A touch of reggae: Wild Belle changes Spot Night’s pace

Anne Nickoloff, Staff Reporter

The first thing you notice about Wild Belle: Natalie Bergman’s outfit.
The second thing you notice about Wild Belle: Elliot Bergman’s facial hair.
Wild Belle’s performance at Spot Night on Oct. 24 was sexy, slinky and chill. N. Bergman’s Duffy-like voice mixed with E. Bergman’s baritone saxophone toots, creating a new kind of reggae that mixed rippling beats with straining, almost rough vocals.

They were so relaxed on stage, and their music was so calming, that it would have been very easy to listen to them while relaxing at home or reading a book.

However, this kind of mood was not present in the first half of the concert with opener Saint Rich.

That’s not to say the music was bad; Saint Rich played some really great tunes. Mainly drawing their set from album “Beyond the Drone,” the band had precise unity and wild vocals. “Young Vultures” was a Rooney-like song with playful singing and a beachy melody, while “Black and Brown” was more dirty-sounding, with carefully regulated feedback behind some of the guitar parts.
The music was fine; what felt off about the band was its anger.

At one point, singer Christian Peslak muttered something and flipped off the crowd before rushing into the next song. After that, it was difficult to focus on anything except the fact that Saint Rich seemed to be upset enough for Peslak to lose his cool.

It wasn’t about the music anymore; the crowd jittered not with comments about the music, but with variations of “why did he do that?”

Then, Wild Belle brought some cool to spare. Singer N. Bergman’s dark, sexy vocals reflected in her gold patterned pants and low-cut tank top underneath a crop-top blazer. She wore multiple rings, a glittering necklace and bracelets hidden under her sleeves. Even a small knife attached to her belt revealed itself through a few glints in the light.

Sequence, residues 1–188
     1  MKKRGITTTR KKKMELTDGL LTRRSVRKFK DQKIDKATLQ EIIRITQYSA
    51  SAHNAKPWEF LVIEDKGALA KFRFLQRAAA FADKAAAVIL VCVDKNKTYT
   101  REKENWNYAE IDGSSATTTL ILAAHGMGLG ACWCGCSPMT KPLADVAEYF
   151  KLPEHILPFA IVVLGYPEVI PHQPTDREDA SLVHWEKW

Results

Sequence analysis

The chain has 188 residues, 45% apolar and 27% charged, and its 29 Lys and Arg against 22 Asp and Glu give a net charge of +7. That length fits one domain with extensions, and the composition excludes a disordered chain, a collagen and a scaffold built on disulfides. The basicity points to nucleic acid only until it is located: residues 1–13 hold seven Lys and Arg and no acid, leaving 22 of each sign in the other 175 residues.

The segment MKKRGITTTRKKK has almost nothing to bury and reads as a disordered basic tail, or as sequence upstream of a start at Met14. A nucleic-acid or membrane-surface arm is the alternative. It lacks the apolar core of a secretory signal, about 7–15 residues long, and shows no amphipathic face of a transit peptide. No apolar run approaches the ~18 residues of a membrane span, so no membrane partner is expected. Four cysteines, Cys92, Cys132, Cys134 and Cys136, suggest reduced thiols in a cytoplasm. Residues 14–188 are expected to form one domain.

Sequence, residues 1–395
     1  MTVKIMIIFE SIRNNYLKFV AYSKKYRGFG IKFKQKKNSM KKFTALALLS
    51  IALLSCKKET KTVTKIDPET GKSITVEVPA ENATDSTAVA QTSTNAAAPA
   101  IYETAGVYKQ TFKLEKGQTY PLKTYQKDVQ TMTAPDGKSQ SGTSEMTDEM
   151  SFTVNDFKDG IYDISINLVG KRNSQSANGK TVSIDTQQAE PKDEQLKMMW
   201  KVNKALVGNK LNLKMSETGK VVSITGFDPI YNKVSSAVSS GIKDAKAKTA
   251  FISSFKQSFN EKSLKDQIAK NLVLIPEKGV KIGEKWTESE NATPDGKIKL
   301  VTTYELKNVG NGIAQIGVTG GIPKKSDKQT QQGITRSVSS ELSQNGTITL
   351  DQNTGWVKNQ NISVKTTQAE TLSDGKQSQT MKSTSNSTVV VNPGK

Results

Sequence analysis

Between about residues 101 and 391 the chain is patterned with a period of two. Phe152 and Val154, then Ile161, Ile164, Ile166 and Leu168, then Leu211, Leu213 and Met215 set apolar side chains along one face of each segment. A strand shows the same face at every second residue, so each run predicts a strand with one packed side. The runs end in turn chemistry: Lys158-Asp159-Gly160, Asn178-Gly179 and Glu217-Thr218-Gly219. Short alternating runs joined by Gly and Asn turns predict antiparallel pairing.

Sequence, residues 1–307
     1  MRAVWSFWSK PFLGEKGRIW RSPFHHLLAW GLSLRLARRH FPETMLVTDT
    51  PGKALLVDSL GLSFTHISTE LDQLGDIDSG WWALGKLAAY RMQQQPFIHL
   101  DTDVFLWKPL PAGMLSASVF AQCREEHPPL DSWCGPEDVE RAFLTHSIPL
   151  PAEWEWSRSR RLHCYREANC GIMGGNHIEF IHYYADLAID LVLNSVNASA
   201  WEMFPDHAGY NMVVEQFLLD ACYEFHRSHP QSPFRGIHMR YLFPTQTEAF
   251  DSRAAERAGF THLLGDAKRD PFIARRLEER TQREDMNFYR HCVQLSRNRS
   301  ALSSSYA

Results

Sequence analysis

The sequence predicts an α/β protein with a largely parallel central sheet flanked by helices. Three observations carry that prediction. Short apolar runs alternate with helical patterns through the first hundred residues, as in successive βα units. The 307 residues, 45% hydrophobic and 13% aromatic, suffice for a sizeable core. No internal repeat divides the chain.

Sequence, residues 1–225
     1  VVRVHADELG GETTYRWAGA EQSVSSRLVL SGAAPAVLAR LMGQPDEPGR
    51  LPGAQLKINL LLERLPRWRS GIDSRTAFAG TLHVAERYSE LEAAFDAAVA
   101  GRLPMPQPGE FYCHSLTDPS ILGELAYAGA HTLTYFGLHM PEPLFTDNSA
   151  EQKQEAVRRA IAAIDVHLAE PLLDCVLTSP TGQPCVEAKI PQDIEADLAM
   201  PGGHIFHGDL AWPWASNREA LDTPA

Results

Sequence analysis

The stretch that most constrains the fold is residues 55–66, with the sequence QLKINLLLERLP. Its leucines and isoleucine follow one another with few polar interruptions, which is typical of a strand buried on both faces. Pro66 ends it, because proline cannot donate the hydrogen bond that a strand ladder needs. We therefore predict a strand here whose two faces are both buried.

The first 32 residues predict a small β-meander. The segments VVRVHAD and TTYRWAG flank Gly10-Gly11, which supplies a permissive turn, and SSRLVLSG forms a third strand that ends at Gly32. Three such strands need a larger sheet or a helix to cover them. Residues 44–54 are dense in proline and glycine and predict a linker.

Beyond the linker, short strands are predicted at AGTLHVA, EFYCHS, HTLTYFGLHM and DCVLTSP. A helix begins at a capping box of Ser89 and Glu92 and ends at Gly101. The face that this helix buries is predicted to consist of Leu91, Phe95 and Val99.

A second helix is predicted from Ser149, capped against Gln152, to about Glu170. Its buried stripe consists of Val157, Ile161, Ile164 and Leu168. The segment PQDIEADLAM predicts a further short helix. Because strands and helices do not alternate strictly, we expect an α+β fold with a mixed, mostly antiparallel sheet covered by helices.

“It’s too Late” brought the bearded E. Bergman out with his baritone saxophone, resulting with whoops and cheers for every throaty note. He is one of the few who can pull off a full scruffy beard and not look unkempt. As awkward as it is to say it, his saxophone playing was just as sexy as his sister’s singing.

Their eyes were the same color and shape, but you could tell the two musicians were siblings beyond physical features. The two could communicate with a glance, and shared a common musical talent that meshed well within Wild Belle.

“I’m in Love,” a song dedicated to lovers, brought Peslak onto the stage to dance with N. Bergman. This was the first time the whole night that he smiled and seemed to let go of his earlier frustrations. The two twirled around on stage, Peslak even belting out parts of the song into the microphone as N. Bergman held it up to him.

Wild Belle ended with “Keep You,” a reggae song that had N. Bergman’s indie voice bringing the genre barriers down.

Spot Nights had been getting into the habit of being crazy and exciting, but they don’t need to be off the wall to be good. Wild Belle wasn’t really that wild. They were like a cool sip of ice cold water after returning home from a sunny beach; they were just what the audience needed.